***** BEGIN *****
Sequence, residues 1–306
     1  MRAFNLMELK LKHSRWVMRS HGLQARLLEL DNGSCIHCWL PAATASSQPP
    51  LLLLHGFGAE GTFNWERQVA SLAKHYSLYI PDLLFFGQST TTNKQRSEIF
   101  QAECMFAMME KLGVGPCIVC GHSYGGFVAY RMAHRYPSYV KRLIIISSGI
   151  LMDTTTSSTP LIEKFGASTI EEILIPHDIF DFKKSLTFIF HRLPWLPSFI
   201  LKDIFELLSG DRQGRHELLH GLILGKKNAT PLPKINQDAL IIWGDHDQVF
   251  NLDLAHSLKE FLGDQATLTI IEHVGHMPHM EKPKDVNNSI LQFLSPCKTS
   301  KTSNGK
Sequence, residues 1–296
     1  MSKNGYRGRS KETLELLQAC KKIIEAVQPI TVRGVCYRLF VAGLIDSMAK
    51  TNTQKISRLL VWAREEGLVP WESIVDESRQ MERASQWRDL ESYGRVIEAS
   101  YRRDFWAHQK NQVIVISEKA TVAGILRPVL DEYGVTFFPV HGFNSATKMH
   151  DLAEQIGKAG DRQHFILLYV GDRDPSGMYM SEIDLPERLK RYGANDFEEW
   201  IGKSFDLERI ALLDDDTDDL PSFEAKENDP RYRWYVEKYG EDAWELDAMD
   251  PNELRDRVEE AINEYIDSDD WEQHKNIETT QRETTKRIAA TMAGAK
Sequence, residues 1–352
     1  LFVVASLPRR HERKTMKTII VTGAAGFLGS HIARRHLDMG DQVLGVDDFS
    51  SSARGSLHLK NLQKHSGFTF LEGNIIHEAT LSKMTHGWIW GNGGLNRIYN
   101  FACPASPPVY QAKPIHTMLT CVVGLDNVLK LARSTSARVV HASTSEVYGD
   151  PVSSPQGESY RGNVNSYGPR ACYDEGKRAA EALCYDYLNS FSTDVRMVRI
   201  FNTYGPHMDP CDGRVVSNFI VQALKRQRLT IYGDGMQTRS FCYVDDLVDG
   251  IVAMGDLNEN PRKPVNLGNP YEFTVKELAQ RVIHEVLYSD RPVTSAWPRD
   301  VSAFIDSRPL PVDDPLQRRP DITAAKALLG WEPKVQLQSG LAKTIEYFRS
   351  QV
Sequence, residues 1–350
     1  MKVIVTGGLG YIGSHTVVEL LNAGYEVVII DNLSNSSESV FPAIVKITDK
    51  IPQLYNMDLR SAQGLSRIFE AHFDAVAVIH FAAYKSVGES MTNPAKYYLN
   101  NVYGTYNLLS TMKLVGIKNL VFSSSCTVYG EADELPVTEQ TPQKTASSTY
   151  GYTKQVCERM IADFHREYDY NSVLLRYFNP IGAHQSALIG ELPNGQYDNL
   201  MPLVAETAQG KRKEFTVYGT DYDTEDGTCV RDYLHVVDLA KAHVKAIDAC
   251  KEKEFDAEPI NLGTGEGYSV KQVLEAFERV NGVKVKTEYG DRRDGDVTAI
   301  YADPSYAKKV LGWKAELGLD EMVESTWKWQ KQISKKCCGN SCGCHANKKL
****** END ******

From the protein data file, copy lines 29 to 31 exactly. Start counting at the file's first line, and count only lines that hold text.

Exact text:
   151  GYTKQVCERM IADFHREYDY NSVLLRYFNP IGAHQSALIG ELPNGQYDNL
   201  MPLVAETAQG KRKEFTVYGT DYDTEDGTCV RDYLHVVDLA KAHVKAIDAC
   251  KEKEFDAEPI NLGTGEGYSV KQVLEAFERV NGVKVKTEYG DRRDGDVTAI